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Paleoindian Societies of the Coastal Southeast$
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James S. Dunbar

Print publication date: 2016

Print ISBN-13: 9780813062686

Published to Florida Scholarship Online: January 2017

DOI: 10.5744/florida/9780813062686.001.0001

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Artifacts and Technology

Artifacts and Technology

Chapter:
(p.187) 6 Artifacts and Technology
Source:
Paleoindian Societies of the Coastal Southeast
Author(s):

James S. Dunbar

Publisher:
University Press of Florida
DOI:10.5744/florida/9780813062686.003.0006

Within the contexts examined in previous chapters, chapter 6 considers artifacts and the technology involved in their manufacture. Of particular importance to this discussion is the concept of “mental templates.” Artifact types can be thought of as combinations of favored ways of tool-making. Tool types correspond to particular uses, though some tools in some circumstances may be manufactured with multiple uses in mind. Paleoindian tools were not the result of the maker’s randomly beating on a piece of rock or haphazardly carving a piece of ivory or bone. There were standards for and systems of tool manufacture that aligned with what a culture perceived as the toolset for sustaining itself successfully. This mental template was passed from one generation to the next and modified as necessity dictated. From the perspective of the mental template theory, chapter 6 offers a revised typology for Paleoindian stone, bone, and ivory tools. At the same time, the chapter consider proxy evidence to posit that tools and mechanisms not yet found in the archaeological record did, in all likelihood, exist.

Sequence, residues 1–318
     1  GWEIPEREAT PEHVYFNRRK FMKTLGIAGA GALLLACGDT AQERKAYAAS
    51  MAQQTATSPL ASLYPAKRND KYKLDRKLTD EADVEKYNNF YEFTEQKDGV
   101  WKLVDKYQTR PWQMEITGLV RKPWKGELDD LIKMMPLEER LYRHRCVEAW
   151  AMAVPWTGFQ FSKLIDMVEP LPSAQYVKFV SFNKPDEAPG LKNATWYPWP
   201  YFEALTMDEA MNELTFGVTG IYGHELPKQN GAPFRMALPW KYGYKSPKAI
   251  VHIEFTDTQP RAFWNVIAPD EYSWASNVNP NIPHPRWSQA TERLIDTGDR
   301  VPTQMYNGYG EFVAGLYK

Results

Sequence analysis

Keywords:   technology, manufacture, methods, mental template, typology, artifacts, types, tools

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